It is becoming evident to me just how much the visiting artists are always seeking out opportunity, always trawling through artsjobs.org.uk and constantly using the internet and other resources as a way of promoting themselves and finding new connections and opportunities. Also, another must is keeping up to date on your chosen industry and artists work. Keeping informed and up to date with newsletters, subscriptions, artist websites, gallery websites, magazines etc is vital and can only be of benefit to you in keeping you in the know of what’s going on and how your work will fit into today’s market. The creative industry isn’t an easy one to break into but it IS possible, As Kim said in her lecture; It’s never too late, be confident and wait it out and as long as you’re doing and you believe in yourself, other wills eventually believe in you too and it will pay off. The underlying message for the lecture though was to make your audience and customers believe in you and believe that they need you and your service(practice), this can be done with clever branding, advertising and perfecting your people skills and smile aswell as your art. They are all equally important.
So after arriving 20 minutes late to the first visiting artist’s talk, I very quickly began to kick myself for it. Within probably 30 seconds of walking in, I was already lost in her discourse. The way she engaged her audience was apparent straight away; everyone was silent and mesmerised. The way she spoke openly about her work, and in an inspiring manor but mostly the way she spoke honestly yet intriguingly about the processes and trials and tribulations of being a practicing artist. As much as she didn’t sugarcoat anything and say it was all a straight forward path of roses, emphasising how many hours a day she trawls through pages and pages on artsjobs.com etc, she just made me have the confidence to believe that I too, could achieve and succeed. She was inspirational.
It quickly became apparent that Woolston’s underlying backbone and motto was ‘Location/material/Relationship(commission)’. Whenever faced with a situation where she had an abundance of material or a too-good-to-be-true location she would consult this triad to see if it would work, or if she could make it work. Nuggets of information like this are those things that always stick in your mind, and hopefully, rightly so, as it seems to be doing her justice!
Robyn Woolston has a broad scope of projects under her belt, ranging from photography and moving image to print and installations but also covering and digging deep into environmental issues and impacts, waste and causes and effects. ‘Previous installations have included 7500 ice-cream containers, 45,000 carrier bags, a selection of trees from Ash to Silver Birch as well as a reproduction Las Vegas sign. From site-responsive interventions to socially engaged practice she activates spaces by confronting dogmas, re-appropriating ‘waste’ and initiating conversation.’ She is a woman who knows that she can’t single handedly change the world or force anyone to think differently, and she isn’t even saying she’s the epitome of an eco warrior, but she’s very aware that she can talk about issues, and put them in a context that can be seen, understood and hopefully make an impact on a few people and she damn well will when she gets a chance. Talking about it and acting on it is better than doing nothing at all.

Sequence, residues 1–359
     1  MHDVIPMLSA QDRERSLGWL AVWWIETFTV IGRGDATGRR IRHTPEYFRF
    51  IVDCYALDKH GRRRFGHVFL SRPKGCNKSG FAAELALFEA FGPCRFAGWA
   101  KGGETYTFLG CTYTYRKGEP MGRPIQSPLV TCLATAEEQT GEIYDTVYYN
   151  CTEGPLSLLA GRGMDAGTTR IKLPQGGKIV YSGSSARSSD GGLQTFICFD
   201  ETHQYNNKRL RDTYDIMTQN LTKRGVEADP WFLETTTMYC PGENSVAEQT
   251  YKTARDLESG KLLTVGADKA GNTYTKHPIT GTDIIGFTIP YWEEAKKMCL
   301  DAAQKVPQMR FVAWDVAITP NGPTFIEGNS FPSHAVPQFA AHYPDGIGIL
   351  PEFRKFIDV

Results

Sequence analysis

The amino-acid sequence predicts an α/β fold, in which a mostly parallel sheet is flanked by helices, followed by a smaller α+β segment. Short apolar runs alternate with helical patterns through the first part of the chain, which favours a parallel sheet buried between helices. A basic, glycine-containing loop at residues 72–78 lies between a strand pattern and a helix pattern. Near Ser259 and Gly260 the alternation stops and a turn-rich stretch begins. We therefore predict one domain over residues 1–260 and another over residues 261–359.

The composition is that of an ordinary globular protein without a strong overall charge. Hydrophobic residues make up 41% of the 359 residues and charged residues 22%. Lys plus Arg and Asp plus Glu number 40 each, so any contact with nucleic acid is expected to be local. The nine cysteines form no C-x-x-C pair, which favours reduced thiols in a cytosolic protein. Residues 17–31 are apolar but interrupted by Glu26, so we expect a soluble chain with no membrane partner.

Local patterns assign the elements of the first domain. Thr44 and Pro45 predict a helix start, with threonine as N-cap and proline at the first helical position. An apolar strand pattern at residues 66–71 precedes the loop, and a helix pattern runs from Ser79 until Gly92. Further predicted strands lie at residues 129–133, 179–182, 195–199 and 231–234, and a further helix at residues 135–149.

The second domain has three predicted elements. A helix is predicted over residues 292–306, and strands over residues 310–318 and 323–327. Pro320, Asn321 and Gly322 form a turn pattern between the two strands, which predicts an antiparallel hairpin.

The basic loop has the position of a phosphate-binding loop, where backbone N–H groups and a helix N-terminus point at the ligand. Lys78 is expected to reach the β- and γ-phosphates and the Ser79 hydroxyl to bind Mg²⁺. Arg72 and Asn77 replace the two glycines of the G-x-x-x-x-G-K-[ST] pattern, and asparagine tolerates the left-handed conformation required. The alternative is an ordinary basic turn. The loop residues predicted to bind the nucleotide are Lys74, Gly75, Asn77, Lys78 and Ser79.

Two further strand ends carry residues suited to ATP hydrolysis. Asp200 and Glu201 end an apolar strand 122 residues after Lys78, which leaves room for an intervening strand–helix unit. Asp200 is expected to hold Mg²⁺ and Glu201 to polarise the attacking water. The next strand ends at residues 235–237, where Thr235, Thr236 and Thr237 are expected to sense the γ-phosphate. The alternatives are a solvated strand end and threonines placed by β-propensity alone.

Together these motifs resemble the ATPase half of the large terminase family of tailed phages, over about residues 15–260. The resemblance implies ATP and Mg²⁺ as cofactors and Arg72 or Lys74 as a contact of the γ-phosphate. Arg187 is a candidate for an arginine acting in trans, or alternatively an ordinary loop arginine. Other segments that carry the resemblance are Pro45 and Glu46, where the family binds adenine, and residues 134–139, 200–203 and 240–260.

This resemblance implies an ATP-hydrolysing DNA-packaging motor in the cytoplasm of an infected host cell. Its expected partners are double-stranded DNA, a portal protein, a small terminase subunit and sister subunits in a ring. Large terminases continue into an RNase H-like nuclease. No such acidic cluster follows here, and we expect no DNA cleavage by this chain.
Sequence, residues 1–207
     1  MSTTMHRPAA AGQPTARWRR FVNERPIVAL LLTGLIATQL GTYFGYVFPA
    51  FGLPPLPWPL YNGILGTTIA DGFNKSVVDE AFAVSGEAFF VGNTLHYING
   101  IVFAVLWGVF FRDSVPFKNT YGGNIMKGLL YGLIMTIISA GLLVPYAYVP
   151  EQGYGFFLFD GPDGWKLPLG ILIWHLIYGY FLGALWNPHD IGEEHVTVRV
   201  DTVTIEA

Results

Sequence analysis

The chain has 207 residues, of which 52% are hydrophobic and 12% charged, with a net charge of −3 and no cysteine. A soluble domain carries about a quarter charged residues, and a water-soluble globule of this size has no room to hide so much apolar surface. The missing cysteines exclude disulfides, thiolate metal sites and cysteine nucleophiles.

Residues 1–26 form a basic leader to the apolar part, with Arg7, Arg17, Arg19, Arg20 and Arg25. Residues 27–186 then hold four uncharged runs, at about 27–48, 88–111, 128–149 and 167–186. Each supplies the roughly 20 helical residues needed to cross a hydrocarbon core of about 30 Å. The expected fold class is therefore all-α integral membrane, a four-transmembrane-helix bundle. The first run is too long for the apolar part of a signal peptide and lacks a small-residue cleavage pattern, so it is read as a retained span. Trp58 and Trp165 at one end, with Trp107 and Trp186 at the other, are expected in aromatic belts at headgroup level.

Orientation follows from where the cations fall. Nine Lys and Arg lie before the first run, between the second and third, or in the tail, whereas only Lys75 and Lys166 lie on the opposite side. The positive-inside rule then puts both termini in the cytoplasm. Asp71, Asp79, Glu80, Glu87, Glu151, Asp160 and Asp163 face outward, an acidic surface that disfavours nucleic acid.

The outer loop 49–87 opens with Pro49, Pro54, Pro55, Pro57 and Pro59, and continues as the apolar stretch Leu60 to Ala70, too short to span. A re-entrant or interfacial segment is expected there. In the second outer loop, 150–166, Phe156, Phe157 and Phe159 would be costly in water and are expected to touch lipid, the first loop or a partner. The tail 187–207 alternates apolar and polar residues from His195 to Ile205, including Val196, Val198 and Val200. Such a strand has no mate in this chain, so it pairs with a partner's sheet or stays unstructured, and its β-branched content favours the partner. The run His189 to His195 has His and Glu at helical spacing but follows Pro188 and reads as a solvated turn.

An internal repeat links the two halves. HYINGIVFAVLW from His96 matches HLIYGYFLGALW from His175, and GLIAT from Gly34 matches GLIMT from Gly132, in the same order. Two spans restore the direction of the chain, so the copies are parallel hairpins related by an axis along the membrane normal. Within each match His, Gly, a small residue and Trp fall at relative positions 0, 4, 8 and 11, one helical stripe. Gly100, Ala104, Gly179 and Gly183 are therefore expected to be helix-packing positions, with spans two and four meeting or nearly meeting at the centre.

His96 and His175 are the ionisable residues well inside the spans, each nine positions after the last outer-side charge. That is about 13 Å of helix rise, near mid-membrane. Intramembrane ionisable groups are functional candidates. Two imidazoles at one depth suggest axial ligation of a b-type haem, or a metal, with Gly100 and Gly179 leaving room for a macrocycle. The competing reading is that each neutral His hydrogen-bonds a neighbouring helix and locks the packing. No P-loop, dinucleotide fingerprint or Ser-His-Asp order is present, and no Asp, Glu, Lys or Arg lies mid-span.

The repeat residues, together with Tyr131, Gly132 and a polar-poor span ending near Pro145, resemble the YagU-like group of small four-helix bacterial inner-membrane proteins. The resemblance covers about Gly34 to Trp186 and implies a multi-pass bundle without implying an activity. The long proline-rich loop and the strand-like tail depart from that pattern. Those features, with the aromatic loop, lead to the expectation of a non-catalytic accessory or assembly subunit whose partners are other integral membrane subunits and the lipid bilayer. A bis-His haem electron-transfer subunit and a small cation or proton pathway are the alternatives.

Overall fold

One last thing that stuck with me from Woolston’s inspirational lecture, or ‘pep talk’ in this case.. And as much for you, as me, i’ll leave it on that note.. (I didn’t quite manage to get the full quote written down, which I do believe was her own.. but the latter part went something like this..)
‘Try not to allow the exhibition of your work be confined to the walls in your mind – Your work needs an audience; it’s in THEIR minds that the work becomes activated.’
Right then, I better get started on this thing! I am a 2nd year Fine Art student and blogs are an integrated part of the course, I am yet to find out whether this will have a negative or positive impact on my work; I’m hoping for the latter, of course! Personally I see this as a perfect opportunity to network, get myself out of the four walls of my little 1 bed apartment and see myself on a platform with other artists and hopefully, hopefully(!) get some work, which is what all artists are struggling and wishing for, right!? Along with a few compulsory aspects of the course, I will be writing mini reviews on the visiting lecturers and artists we have at our art school as well as documenting my own portfolio, projects, and processes too.
Anyway, I’m Lucy and I like to think I can be seen as a contemporary fine artist. So, along with the first post on this blog, comes the first day of the rest of my life. I’ve come to a point where I must start seeing myself as a professional and having the confidence to call myself an artist. Repeat after me: I am an artist! And I am a professional. So here it is, the first post and hopefully the first stepping stone laid down on a long and winding path. Let’s get this thing on the road. Path? Ah, you know what I mean..